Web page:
Will Dailey playing free show at Sweetwater
Singer-songwriter offers unique experience with his 10 Dollar Song Tour
When Bose asked independent singer-songwriter Will Dailey to showcase their portable PA system at Sweetwater Sound, he had one request.
“I work on a lot of their products that are kind of for the traveling troubadour lifestyle,” he said of his partnership with Bose. “I’m going to be out there for that, so I told them, ‘I’m on tour. I’ll go out there for you guys, but if I’m in Indiana, I want to have a show.’ I don’t get to Indiana enough. I’m really on the East Coast, sometimes Chicago, and Southern California — that’s where I play the most, and Europe. I have this indie career that I can make work for me, but America is a big place and I rarely get to Indiana.”
You can get a chance to see this top 20 Billboard-charting artist when he stops by Sweetwater for a free show on Wednesday, May 24.
Cutting out distractions
“The traveling troubadour” has been on the road opening for The Wallflowers and Rhett Miller. He’s also been doing solo gigs as part of his innovative 10 Dollar Song Tour.
The 10 Dollar Song Tour features Dailey performing his regular show, but there’s a song you can hear only via an “antique” Discman. After paying what you’d like to hear the song, you put on the headphones and get a listen to his song “Cover of Clouds.”
In a phone interview from the road, Dailey said he enjoys putting his music out on streaming platforms. However, “Cover of Clouds” is an ode to Joni Mitchell and highly personal to him. He fears it will get lost in the avalanche of content that now engulfs us on a daily basis.
“Writing songs is what I do for myself, and putting them out is what I do to connect,” he said. “I love when a song connects on a platform. But this particular song, it’s six-and-a-half minutes long, and it’s a tribute to an artist that influenced me and the people that introduced that artist to me. I thought, ‘Wouldn’t it be a shame to put this song into the abyss of all our content.’ And not just music platforms, but all of our content. They might click on it, then get a text message in the middle of it, and they’re out. I just thought, ‘Not this time. Not this particular song.’ ”
Instead of getting distracted while listening to a song, putting the headphones on and immersing yourself in this one might be a bit different.
“Some people are like, ‘This is the best song you’ve ever written, and now I’m angry that I can only listen to it once.’ Some people are getting very emotional,” he said. “Some people are getting emotional because they wonder if they’ve been listening to music correctly because they didn’t look at their phones.”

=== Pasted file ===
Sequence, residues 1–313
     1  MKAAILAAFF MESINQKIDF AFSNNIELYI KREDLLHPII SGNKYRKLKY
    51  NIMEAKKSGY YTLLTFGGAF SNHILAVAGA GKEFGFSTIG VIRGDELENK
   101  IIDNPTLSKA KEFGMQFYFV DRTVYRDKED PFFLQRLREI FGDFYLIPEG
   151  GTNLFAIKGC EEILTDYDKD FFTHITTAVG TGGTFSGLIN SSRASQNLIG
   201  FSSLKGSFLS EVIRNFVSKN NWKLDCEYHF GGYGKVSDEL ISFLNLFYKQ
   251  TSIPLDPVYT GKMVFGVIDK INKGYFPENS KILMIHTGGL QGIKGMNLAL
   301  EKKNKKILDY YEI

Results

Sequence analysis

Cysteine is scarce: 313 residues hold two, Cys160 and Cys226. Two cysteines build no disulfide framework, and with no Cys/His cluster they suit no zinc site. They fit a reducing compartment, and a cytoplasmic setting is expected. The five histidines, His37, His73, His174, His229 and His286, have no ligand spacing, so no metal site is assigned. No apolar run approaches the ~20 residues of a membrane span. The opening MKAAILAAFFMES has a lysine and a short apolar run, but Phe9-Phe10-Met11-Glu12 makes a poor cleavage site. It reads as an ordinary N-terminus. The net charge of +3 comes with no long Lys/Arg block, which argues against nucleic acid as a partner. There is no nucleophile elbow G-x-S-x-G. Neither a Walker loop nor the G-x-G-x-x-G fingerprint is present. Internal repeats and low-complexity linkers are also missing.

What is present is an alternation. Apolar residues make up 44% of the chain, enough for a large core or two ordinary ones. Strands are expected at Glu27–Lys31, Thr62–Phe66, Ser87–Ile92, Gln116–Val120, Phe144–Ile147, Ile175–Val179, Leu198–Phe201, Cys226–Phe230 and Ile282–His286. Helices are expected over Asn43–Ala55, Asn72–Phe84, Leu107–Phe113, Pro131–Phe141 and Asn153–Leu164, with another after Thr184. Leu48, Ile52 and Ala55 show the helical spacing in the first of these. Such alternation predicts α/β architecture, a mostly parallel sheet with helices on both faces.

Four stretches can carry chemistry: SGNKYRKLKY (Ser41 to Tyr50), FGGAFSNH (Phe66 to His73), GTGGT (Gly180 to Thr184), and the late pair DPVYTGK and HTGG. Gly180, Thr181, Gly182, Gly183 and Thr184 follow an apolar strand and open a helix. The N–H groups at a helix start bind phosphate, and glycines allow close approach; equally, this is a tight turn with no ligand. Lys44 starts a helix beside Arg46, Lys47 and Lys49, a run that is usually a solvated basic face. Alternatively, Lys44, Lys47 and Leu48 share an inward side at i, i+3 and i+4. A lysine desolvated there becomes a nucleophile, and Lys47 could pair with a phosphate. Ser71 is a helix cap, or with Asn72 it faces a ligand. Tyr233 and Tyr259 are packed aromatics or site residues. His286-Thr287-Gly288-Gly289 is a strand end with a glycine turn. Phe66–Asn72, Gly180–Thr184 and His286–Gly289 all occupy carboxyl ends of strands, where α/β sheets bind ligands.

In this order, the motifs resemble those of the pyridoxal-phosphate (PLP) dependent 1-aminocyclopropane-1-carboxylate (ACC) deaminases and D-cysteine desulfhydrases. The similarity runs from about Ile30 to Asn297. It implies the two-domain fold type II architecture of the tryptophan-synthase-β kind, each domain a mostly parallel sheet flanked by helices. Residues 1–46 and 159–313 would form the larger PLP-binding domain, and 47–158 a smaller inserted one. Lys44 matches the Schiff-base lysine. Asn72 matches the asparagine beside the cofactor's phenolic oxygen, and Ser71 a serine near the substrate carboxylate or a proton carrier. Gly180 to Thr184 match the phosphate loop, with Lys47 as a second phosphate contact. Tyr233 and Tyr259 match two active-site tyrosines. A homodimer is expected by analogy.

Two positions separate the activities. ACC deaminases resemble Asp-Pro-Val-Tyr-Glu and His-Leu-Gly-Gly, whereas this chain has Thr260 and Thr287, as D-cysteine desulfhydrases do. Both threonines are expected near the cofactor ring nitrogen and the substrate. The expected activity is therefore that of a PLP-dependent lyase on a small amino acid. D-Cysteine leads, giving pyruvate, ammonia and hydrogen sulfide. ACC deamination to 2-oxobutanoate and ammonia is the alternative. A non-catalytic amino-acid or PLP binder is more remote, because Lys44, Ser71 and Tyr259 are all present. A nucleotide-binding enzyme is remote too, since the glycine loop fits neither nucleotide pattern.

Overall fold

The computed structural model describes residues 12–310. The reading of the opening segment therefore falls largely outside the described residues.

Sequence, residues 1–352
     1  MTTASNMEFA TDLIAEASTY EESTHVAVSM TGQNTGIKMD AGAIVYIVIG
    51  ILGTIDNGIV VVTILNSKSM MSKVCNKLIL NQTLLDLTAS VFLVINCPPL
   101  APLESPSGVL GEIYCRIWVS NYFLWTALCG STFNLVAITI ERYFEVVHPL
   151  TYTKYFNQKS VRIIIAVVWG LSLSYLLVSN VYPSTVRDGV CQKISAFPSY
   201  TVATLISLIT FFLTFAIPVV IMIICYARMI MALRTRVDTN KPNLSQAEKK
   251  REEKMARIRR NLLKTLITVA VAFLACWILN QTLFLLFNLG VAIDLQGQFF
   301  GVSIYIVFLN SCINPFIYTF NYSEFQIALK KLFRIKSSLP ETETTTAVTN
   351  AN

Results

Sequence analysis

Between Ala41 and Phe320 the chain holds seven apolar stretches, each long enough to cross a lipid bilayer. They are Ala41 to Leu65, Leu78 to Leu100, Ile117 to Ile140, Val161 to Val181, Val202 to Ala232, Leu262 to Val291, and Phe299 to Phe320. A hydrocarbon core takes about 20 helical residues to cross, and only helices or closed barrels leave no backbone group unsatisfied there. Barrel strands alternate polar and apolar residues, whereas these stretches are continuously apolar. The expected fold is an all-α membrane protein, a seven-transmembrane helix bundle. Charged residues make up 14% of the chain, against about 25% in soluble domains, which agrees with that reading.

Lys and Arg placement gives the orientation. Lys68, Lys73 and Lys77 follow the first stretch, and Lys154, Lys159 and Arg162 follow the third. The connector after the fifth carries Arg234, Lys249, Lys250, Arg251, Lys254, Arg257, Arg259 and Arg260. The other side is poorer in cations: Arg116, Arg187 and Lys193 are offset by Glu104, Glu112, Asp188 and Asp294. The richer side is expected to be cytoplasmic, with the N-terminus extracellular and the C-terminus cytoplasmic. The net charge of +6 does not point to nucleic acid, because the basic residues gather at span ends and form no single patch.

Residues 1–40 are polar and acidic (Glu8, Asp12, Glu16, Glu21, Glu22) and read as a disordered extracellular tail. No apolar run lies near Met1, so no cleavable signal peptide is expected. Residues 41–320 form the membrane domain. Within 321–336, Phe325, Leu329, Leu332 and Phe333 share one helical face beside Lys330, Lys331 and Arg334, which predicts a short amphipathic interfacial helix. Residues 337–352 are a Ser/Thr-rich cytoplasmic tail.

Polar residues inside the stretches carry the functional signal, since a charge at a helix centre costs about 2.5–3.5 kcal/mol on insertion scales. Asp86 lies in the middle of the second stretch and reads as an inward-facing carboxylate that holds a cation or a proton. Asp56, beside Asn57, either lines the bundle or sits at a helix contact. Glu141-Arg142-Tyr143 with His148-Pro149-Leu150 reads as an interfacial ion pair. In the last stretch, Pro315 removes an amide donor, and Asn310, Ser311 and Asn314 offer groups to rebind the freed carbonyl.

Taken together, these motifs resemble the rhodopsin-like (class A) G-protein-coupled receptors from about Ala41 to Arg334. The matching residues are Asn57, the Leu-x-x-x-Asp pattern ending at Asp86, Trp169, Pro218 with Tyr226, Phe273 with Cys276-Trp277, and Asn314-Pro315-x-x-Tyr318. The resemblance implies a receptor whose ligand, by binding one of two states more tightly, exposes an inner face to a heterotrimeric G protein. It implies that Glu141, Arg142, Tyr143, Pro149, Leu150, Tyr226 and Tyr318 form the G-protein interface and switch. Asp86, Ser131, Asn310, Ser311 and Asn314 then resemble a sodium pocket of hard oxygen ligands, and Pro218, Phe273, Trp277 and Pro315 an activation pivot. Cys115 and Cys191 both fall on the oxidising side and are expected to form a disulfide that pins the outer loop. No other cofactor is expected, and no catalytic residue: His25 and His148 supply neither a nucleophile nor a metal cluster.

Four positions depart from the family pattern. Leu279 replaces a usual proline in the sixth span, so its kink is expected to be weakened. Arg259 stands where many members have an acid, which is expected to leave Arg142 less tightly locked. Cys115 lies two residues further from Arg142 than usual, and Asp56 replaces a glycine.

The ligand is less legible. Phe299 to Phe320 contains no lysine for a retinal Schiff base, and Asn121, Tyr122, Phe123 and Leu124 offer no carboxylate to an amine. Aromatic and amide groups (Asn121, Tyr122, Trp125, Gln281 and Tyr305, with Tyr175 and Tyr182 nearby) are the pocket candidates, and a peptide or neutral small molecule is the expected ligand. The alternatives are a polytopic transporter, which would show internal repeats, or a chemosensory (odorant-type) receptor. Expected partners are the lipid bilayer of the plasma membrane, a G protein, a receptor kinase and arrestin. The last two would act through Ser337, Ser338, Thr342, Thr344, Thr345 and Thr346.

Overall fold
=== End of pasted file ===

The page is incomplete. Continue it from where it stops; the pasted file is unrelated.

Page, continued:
“I feel like I’m doing the right thing, even though it’s something I have to explain,” he said.
What makes the song so important to Dailey is the role hall of fame folk icon Joni Mitchell played in his life while he said he was just trying to learn to play Guns N’ Roses and Nirvana songs.
“Someone just said, ‘Here’s this record,’ and it was Clouds,” Dailey said. “I was still trying to learn to play a C chord, and this person who was dating my mother at the time, then became by stepfather, had a guitar and showed me the open tuning to ‘Chelsea Morning,’ which I had no right learning. I couldn’t play a C chord, and he’s trying to show me this thing she did. That window and door was opened in my mind at a young age. That album always stayed with me.”
Dailey said while he thoroughly enjoys the likes of Led Zeppelin and Pearl Jam, it’s those artists that fly under the radar that really intrigue him. Citing Joan Armatrading, he said he was so “upset” that he only learned about her seven years ago.
Trying something new
Having shared stages and studio spaces with the likes of Eddie Vedder and Willie Nelson, Dailey has won numerous Boston music awards. And though it might sound like he prefers the days of yesteryear, he’s not against streaming platforms, saying he had just been listening to Spotify on his road trip. However, for this song, he was looking for something more intimate.
“It’s a real quagmire that we’re in,” he said. “It’s really wonderful that everyone has access to this same platform. There’s so much beautiful work out there, and I’m talking television shows, books, articles, blogs, videos on YouTube, tutorials, and a 100,000 songs every day. I’m excited to put new music out online. This one song fosters a healthier relationship for me with the people I’m asking to participate in it.
“Come to the merch table and listen to a song that is only available on a Discman on a headphones that you can only listen to once,” he added. “The responses are wonderful, but also far more fulfilling for me for his particular piece of music.”